NEW YORK, NY - OCTOBER 09: Luis Severino #40 of the New York Yankees celebrates after closing out the top of the seventh inning against the Cleveland Indians in Game Four of the American League Divisional Series at Yankee Stadium on October 9, 2017 in the Bronx borough of New York City. (Photo by Abbie Parr/Getty Images)

Luis Severino bounced back from a miserable 2016 to earn his first All-Star appearance in 2017. Was it enough to get him on the honor roll?

With the offseason upon us, it’s time to break down this past season for New York Yankees starting pitcher Luis Severino. We’ll break this up into four parts: His first half, second half, playoffs and overall season performance. How will his grades fare on his 2017 report card?

The 2017 season was a huge uncertainty for Yankees starting pitcher Luis Severino. After making an impressive debut in 2015, going 5-3 with a 2.89 ERA and 56 strikeouts over 11 starts, he went through a serious sophomore slump in 2016. He posted a 3-8 record, a 5.83 ERA, 66 strikeouts, a demotion to Triple-A Scranton/Wilkes-Barre and a resurgence in the second half out of the bullpen.

Severino entered the year penciled in as the team’s No. 4 starter, behind Mashiro Tanaka, CC Sabathia and Michael Pineda. After his success coming out of the bullpen in the second half of 2016, some clamored for him to start the year as a long reliever. But most fans were anxious to see him start again. Nobody knew which Severino would show up: the hard-throwing strikeout machine from 2015 and who came out of the ‘pen, or would it be the wild, easily frazzled starter from the beginning of 2016.

Both the fans and organization were able to breathe a sigh of relief. In the first half of the season, Severino came out and put the doubts to bed. In 17 games, he went 5-4 with a 3.54 ERA while striking out 124. This solid half of baseball led to him receiving his first career All-Star nod and fans were left hoping he had more in the tank for the second half of the year.

Severino had a good first half, yet it could have been better. His ERA of 3.54 is solid, but leaves room for improvement. His win-loss record is also worth noting. While a pitcher’s record depends on the lineup on a day they start, Severino’s could have been better had his ERA been lower, maybe closer to a solid 3.00. Despite this, he struck out a lot of batters and earned the trip to Miami.

First Half Grade: A-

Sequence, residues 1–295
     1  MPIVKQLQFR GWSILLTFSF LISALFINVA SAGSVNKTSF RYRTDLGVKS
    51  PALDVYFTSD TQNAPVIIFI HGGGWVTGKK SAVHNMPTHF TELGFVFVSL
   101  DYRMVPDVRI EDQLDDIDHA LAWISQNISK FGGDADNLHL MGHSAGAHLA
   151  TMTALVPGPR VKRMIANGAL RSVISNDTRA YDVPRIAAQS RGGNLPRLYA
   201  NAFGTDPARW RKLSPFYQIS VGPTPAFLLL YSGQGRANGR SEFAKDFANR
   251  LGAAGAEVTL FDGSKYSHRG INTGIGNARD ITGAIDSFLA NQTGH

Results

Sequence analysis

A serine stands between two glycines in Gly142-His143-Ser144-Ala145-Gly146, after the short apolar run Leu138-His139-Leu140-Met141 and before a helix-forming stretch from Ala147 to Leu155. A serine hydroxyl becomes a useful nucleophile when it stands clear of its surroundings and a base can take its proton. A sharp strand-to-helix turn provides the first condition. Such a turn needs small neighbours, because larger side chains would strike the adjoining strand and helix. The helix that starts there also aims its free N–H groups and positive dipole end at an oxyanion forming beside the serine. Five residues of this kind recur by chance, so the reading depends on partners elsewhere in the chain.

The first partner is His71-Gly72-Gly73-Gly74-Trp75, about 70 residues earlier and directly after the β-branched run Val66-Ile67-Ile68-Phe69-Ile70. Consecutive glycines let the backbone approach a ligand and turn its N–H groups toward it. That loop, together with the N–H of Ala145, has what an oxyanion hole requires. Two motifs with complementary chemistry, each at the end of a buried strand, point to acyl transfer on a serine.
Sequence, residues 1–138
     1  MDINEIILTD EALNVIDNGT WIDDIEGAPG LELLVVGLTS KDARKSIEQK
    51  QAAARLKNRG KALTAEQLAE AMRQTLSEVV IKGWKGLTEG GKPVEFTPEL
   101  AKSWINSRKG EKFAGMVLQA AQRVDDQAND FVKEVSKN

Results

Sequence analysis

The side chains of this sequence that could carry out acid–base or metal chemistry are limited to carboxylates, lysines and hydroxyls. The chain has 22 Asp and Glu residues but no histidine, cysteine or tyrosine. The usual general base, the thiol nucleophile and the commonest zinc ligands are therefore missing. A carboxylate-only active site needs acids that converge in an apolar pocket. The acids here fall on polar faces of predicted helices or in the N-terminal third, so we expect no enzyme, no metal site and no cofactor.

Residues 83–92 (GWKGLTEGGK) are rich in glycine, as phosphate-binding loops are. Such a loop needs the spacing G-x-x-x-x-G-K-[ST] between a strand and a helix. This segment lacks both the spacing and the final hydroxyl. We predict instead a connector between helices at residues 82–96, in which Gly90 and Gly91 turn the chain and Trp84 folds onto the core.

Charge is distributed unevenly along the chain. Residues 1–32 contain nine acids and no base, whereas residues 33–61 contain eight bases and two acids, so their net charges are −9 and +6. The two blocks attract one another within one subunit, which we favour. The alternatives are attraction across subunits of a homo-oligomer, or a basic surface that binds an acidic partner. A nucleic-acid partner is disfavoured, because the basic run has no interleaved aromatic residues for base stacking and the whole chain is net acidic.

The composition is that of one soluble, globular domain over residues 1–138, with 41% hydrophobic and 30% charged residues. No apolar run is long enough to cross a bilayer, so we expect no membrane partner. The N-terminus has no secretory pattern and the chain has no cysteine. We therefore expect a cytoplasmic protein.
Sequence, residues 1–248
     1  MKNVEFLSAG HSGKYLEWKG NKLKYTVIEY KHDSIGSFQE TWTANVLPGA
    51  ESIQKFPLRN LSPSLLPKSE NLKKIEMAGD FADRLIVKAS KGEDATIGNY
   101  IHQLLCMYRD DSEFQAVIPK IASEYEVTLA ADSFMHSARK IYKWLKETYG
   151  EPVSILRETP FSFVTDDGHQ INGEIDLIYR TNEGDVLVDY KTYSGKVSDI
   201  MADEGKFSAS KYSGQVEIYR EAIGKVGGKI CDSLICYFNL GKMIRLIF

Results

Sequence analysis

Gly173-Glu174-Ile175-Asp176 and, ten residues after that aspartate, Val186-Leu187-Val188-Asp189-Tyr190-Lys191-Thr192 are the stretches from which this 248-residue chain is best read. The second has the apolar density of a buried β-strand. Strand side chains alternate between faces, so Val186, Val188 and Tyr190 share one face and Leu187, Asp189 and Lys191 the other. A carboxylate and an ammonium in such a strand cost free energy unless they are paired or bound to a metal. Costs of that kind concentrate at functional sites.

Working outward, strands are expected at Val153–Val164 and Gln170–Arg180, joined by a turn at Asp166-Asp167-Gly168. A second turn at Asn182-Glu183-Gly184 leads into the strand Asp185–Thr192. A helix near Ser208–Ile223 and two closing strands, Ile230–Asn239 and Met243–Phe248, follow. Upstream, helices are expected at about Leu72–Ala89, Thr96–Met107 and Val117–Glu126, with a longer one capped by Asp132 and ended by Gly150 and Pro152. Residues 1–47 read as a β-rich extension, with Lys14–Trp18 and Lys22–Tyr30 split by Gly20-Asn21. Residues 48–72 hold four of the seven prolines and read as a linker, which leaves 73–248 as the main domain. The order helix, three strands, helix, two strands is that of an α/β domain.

After the All-Star break is when Severino truly elevated and became the pitcher many thought he could be. His second half record was a commanding 9-2, his ERA dropped by over a run to 2.28 and, in his 14 starts, he struck out 106. With Tanaka still trying to figure it all out, this is where Severino became the ace of the Yankees staff.

It’s also when the rest of baseball as a whole took note. No longer was a Severino a hidden gem in the Bronx. He was now one of the game’s elite pitchers. He was a selling point when the Yankees were on nationally broadcasted games on Fox or ESPN.

Severino then received arguably the biggest achievement in his short career so far: finishing in the top three of the American League Cy Young Award race. He finished behind Boston’s Chris Sale and the 2017 winner, Cleveland’s Corey Kluber. To have his name along side two of baseball’s best shows that the ceiling on Severino is incredibly high and he is capable of getting up there.

Second Half Grade: A

The final area to grade Severino in is the playoffs. After his good first half and even better second half, the Yankees turned to their new ace for the American League Wild Card game against the Minnesota Twins. Unfortunately, the 21 year old seemed a bit overwhelmed and overmatched by a good fastball-hitting team. He was chased after only a third of an inning, allowing three runs on four hits, two of which were home runs.

He came back strong in the American League Divisional Series against the Cleveland Indians in the crucial fourth game of the series. He threw seven solid innings allowing three runs and striking out nine in his first ever postseason win.

In the Yankees final series of the season against the Houston Astros, Severino started twice. He was subpar, throwing a combined 8.2 innings, allowing four runs, only striking out three and uncharacteristically walking six batters.

While this was hardly the postseason anybody wanted, it can and should be forgiven. This was Severino’s first ever taste of the playoffs and he is only 21. There are going to be growing pains and it’s expected. He showed in the ALDS that he can put together a strong playoff outing and bounce back from such a bad one.

Postseason Grade: C

Overall, this season was a huge positive for Severino and the Yankees. He finished with an overall record of 14-6, a 2.98 ERA and had 230 strikeouts in 193.1 innings. The Yankees now have their ace of the future and have time to fix what they need to with him.

In a rebuilding year where he wasn’t even guaranteed a rotation spot, Severino stepped up and help lead the Yankees to within one game of the World Series. He is now their ace and is still years from hitting his prime. The craziest thing is that there is still room for improvement.

Overall Grade: A-

Contributing Yankees Writer | Sports Reporter for Centenary University’s “The Quill” | Centenary University ‘19